GAZA CITY Ñ Israel and the Hamas movement have resumed their
Israel has assassinated a member of the Hamas leadership in Gaza City
and divided the region into three. For its part, Hamas launched a sustained
mortar and missile attack on Israeli civilian targets in the Gaza Strip and
inside the Jewish state.
In wake of the Abu Shanab assassination, Hamas said it would no longer
observe the truce and called on PA Chairman Mahmoud Abbas to resign. Later,
other insurgency groups released similar statements.
On Thursday, Israeli AH-64A Apache attack helicopters fired five
missiles toward the car of Ismail Abu Shanab in Gaza City, Middle East Newsline reported. Abu
Shanab, 48, and his two bodyguards were killed immediately.
It was the first Israeli assassination of a member of the Hamas
leadership since the Islamic group declared a truce on June 29. Since then,
Hamas has claimed responsibility for several suicide attacks on Israeli
"This crosses all red lines," Hamas founder Ahmed Yassin, addressing
Israel, said. "You will pay the price for these crimes."
Overnight Friday, Hamas fired five Kassam-3 short-range missiles toward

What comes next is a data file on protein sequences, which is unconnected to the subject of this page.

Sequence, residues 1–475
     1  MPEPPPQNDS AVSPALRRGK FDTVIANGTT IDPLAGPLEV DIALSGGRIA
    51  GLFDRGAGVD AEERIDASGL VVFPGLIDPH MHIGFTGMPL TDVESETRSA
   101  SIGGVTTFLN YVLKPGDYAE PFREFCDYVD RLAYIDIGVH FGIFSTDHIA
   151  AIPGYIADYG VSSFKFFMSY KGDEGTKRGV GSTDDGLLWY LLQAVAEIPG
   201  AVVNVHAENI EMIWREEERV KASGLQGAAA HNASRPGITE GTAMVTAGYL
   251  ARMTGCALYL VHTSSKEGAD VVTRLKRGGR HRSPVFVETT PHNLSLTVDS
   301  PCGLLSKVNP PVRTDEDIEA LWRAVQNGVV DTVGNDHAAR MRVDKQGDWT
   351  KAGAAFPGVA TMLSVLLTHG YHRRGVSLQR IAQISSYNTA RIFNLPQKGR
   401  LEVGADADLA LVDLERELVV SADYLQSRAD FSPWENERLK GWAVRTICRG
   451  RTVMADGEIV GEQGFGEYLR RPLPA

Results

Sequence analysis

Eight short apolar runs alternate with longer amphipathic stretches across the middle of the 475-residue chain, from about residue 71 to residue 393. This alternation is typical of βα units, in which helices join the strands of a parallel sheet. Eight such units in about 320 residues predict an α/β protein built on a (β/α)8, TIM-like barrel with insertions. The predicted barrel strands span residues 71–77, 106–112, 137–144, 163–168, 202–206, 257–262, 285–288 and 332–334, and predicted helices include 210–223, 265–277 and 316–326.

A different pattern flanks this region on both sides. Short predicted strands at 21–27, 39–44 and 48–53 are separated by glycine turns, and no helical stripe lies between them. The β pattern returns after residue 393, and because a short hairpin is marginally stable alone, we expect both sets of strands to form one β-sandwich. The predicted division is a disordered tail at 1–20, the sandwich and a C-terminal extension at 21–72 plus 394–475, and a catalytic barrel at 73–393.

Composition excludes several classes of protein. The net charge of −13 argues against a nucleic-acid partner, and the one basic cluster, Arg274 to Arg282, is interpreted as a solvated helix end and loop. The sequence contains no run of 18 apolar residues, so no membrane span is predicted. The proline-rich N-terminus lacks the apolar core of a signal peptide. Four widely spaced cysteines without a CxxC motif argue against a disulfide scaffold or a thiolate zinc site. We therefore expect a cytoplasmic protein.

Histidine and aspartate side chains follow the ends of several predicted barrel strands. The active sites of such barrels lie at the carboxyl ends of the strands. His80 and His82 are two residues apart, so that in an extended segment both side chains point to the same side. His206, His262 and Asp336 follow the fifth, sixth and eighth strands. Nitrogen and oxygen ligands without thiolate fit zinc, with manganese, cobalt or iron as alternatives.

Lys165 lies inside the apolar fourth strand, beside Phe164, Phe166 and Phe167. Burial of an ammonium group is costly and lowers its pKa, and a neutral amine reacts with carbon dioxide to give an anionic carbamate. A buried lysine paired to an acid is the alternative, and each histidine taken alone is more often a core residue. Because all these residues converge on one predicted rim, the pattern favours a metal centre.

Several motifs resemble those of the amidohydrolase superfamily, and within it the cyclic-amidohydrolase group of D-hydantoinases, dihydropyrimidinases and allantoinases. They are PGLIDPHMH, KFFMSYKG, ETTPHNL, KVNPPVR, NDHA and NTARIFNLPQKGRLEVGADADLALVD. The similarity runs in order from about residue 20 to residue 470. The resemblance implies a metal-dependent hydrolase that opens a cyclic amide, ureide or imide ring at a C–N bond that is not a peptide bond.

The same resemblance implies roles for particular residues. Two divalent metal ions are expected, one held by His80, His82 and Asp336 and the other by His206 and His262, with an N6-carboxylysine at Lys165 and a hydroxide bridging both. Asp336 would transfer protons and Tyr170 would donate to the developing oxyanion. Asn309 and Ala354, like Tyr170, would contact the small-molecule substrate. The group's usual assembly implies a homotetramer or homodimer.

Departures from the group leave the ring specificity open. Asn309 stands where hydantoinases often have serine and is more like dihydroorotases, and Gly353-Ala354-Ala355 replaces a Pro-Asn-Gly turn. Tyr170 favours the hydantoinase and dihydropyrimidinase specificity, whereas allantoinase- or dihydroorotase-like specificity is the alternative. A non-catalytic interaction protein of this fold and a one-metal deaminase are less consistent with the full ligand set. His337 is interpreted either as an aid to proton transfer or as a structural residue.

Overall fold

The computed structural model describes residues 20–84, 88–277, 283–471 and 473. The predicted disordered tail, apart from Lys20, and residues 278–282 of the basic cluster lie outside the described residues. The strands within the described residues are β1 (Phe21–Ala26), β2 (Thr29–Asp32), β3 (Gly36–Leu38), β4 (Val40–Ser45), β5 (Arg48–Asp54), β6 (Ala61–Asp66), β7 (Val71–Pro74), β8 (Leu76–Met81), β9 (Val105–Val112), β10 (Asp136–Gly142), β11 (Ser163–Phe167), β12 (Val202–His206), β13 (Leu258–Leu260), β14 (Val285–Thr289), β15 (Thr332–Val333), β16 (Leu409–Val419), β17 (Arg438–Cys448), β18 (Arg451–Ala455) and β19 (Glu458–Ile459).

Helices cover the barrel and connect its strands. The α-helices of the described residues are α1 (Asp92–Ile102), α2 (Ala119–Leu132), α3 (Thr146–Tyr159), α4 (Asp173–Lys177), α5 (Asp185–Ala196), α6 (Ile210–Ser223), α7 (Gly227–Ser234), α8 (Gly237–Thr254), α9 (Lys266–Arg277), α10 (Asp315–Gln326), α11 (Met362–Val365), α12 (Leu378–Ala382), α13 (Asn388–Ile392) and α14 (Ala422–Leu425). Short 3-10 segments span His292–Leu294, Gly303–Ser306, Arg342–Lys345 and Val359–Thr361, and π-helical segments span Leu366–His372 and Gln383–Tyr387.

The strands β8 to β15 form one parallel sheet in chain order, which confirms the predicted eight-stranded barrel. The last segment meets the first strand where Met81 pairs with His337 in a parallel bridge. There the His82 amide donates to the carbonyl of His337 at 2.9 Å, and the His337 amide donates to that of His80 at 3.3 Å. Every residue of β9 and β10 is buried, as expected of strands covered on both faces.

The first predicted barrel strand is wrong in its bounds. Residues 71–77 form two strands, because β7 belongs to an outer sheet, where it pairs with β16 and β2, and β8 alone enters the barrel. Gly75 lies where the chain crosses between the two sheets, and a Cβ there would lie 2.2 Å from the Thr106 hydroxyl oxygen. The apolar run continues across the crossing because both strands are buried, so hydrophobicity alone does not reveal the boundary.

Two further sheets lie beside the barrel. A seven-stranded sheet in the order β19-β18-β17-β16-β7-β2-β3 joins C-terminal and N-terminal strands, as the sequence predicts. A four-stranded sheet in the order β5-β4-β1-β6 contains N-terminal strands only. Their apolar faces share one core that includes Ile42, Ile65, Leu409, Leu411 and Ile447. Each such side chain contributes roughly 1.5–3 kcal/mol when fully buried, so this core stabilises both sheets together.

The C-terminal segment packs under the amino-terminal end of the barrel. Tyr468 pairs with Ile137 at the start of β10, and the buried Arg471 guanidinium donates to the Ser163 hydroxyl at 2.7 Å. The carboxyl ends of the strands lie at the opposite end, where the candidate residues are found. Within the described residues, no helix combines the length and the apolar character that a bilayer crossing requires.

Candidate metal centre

the Israeli city of Sderot. Nobody was injured, but a home was struck and
heavily damaged. Several residents of the city were evacuated.
Hamas gunners also fired 18 mortars toward Israeli communities and
military positions in the Gaza Strip. An Israeli home was damaged and
several people were treated for shock. Later, Israel's military divided the
Gaza Strip into three and sources said troops were awaiting an order to raid
insurgency strongholds in the area.
Palestinian sources said Abu Shanab was one of the few Hamas leaders to
have refused to move underground in wake of the Hamas suicide strike on an
Israeli bus in Jerusalem on Tuesday. Senior Hamas operatives in the Gaza
dropped out of sight a day after the bombing, in which 19
people were killed and nearly 100 were injured.
Abu Shanab, who spent 10 years in an Israeli prison, was regarded as one
of the four leaders of Hamas, following founder Ahmed Yassin, heir potent
Abdul Aziz Rentisi and Mahmoud Azhar. Israeli military sources said Abu
Shanab was responsible for reviving Hamas's military wing during the truce.
"Abu Shanab was a senior Hamas terrorist who was in close contact with
Hamas leader, Sheik Ahmed Yassin and acted as deputy Hamas leader when he
was abroad," an Israeli military statment said. "Abu Shanab, in his position
as one of the Hamas leaders, was responsible for policy decisions and
directing and approving military operations."
The Palestinian Authority condemned the Israeli assassination of Abu
Shanab. PA officials said the Israeli military operation had hampered plans
to crack down on Hamas.
"There is no doubt that what the Israeli troops carried out today is an
ugly crime," Prime Minister Mahmoud Abbas said. "We condemn such acts. This
certainly will affect the whole [diplomatic] process."
But the government of Prime Minister Ariel Sharon raised the prospect of
additional attacks on the Hamas leadership. "If the Palestinian Authority
does not operate, we will go after them [Hamas] until the end," Deputy Prime
Minister Ehud Olmert said.